It’s been five days since the most recent mass shooting at a high school took the lives of 10 people on a campus in Santa Fe, Texas.

Against a background of reaction to the latest tragedy involving gun violence, a Missouri law professor has staked a platform in conflict with Republican lawmakers who have made Missouri one of the most gun-friendly states in the country.

Washington University Law Professor Greg Magarian – Image courtesy of Washington University

Professor Greg Magarian of Washington University in St. Louis contends former U.S. Supreme Court Justice John Paul Stevens made a compelling historical and legal case for amending the Constitution to repeal the Second Amendment in a recent New York Times op-ed piece last month.

Magarian, who served as a clerk for Justice Stevens, says the authors of the Bill of Rights never intended to protect a personal right to keep and bear arms outside the context of having a militia. He thinks the Supreme Court’s decision in 2008 to recognize an individual right to bear arms betrayed the original meaning of the amendment.

“For all of American history up until 2008, the Supreme Court never took seriously the idea that the 2nd Amendment protected a free-standing individual right to keep and bear arms,” said Magarian.  “There’s not a whole lot of case law about it, but when the Supreme Court did consider the question, it always held or assumed that, yes, it’s perfectly fine for the government to regulate individual possession of guns.”

Magarian contends the right to keep and bear arms was meant to preserve the availability and effectiveness of a citizen militia, a notion that quickly faded early in the existence of the republic as a standing armed force became the standard bearer.  He thinks, as a result, the 2nd Amendment was largely rendered obsolete over the years.

In his New York Times op-ed piece in early April, Stevens said he was inspired to weigh-in on the 2nd Amendment by the mass demonstrations from high school kids and their supporters after the mass shooting at a Florida high school in February.

“These demonstrations demand our respect,” said Stevens.  “They reveal the broad public support for legislation to minimize the risk of mass killings of schoolchildren and others in our society.”

Professor Magarian doesn’t think there’s a realistic possibility that the 2nd Amendment could be repealed.  Doing so would require a separate constitutional amendment to be passed, which hasn’t been done since 1971.  That year, the 26th Amendment was approved to stipulate that the right to vote of anybody 18 years of age or older shall not be denied on account of age.

Magarian also thinks concentrating efforts on a constitutional amendment would increase polarization on the already contentious debate over gun regulation.  However, he does think that focusing on a repeal of the 2nd Amendment could change the debate to call the Supreme Court’s interpretation of the law into question.

“It’s a change in the conversation for a prominent person like that to say, ‘Hey, you know what, the 2nd Amendment is really kind of nonsense’,” said Magarian.  “I mean, the way that the 2nd Amendment is viewed today is this very recent inversion of reality.”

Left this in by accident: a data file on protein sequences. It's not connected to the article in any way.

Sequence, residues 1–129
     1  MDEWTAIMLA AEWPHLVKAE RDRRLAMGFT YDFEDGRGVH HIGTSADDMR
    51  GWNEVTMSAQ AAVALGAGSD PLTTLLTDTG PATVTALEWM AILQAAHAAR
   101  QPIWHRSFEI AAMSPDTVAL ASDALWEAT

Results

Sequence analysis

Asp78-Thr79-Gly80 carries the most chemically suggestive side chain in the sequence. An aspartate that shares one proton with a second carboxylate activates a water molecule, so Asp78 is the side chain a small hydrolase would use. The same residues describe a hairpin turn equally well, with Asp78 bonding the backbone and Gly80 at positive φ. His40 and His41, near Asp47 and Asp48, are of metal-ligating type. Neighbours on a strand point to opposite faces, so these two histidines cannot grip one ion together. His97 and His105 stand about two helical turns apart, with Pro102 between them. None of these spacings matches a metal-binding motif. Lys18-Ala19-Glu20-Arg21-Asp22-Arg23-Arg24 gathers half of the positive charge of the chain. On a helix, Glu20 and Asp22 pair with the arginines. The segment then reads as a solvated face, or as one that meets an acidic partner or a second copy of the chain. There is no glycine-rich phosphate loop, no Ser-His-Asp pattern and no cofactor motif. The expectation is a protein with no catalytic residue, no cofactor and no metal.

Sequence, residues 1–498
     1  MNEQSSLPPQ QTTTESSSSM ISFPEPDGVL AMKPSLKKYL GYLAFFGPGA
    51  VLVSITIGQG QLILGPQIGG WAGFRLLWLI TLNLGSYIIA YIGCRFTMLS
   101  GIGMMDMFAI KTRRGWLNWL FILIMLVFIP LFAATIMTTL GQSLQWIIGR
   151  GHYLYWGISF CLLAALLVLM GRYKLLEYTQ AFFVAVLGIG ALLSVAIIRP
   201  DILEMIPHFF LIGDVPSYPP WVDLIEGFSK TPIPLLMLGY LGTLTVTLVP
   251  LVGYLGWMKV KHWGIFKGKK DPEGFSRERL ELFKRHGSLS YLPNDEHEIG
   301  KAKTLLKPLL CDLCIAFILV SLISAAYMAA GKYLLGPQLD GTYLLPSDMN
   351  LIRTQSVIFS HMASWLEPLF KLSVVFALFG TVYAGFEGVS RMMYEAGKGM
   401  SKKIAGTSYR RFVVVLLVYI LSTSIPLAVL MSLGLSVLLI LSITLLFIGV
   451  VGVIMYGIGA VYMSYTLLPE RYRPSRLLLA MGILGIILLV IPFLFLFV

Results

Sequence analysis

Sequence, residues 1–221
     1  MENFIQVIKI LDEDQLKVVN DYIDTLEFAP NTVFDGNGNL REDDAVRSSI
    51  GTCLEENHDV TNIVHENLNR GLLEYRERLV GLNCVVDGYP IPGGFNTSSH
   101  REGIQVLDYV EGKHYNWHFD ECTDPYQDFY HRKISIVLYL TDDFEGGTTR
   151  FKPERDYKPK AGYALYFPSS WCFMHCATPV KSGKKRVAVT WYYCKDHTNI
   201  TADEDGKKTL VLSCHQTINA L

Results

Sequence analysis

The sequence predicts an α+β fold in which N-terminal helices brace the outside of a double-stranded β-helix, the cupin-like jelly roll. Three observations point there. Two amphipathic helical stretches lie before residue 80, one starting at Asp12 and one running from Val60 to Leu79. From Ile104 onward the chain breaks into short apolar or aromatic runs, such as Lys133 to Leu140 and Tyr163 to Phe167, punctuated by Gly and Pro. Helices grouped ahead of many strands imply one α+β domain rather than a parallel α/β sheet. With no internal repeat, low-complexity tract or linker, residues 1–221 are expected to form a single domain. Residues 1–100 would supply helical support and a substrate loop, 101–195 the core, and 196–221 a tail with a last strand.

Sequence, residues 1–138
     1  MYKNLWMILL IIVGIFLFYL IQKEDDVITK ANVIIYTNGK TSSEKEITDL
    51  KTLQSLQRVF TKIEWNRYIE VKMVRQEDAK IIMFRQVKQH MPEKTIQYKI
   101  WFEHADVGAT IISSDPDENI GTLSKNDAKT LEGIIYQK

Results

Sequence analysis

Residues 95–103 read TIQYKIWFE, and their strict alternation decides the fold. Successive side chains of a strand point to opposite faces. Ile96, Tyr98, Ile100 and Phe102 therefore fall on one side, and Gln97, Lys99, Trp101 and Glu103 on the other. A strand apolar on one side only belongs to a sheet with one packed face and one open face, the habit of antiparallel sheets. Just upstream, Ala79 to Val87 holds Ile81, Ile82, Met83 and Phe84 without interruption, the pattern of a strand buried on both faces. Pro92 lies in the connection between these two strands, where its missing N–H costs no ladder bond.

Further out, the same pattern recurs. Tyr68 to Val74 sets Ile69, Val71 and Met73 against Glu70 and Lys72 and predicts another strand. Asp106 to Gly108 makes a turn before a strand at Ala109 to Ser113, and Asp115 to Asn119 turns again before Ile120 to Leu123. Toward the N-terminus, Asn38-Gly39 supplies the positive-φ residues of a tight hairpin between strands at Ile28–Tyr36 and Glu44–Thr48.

Many conservative state legislatures, including Missouri in recent years, have used the Supreme Court’s 2008 decision as a launching pad to further deregulate accessibility to guns.

Over the past several years, the GOP dominated state legislature has passed numerous pieces of legislation to loosen firearm restrictions.  Missouri is considered a constitutional carry state.

In 2016, Republican lawmakers overrode then Democratic Governor Jay Nixon’s veto of a bill allowing permitless carry of concealed arms by anyone 19 years or older without acquiring a concealed carry weapons permit.

That measure also changed Missouri’s Stand Your Ground Law to state that people do not have a duty to retreat from any place they are occupying lawfully.

It further extended the Castle Doctrine, which allows homeowners to protect their homes with deadly force, to apply to anyone lawfully in your home for any lawful purpose.

No permit is required to open or conceal carry a firearm in Missouri, but the state still issues permits for reciprocity with other states.

In a single hearing in late February of this year, a state House committee heard bills to expand locations for concealed carry, ban local ordinances of open carry, outlaw use of firearms tracking technology and allow storage of guns in vehicles in parking garages and parking spaces.  The committee passed all four measures to the House floor although none of them became law in the recently completed legislative session.

Contrary to former Justice Stevens argument in his op-ed piece, Republican Representative Jared Taylor in Nixa claimed his bill to bar municipalities and public schools from restricting concealed carry of guns would help prevent mass shootings.

“We’ve seen 98% of mass shootings happen in gun-free zones,” said Taylor.  “So, it just proves that just because you post a sign, just because we have it in statute, isn’t stopping anyone from coming into those locations with a gun. It’s actually doing the opposite effect. It’s not allowing an individual who is a law-abiding citizen to protect themselves and potentially protect other people if this happens in one of those locations.”

As far as the argument for repealing the 2nd Amendment, Professor Magarian doesn’t think its absence would change the outlook of gun rights advocates, particularly lawmakers in Missouri.

“The Missouri Legislature isn’t going to regulate guns,” said Magarian.  “The Missouri Legislature is dominated by Republican’s who are very powerfully in favor of gun rights.  And if there were no 2nd Amendment, they would still feel that way.”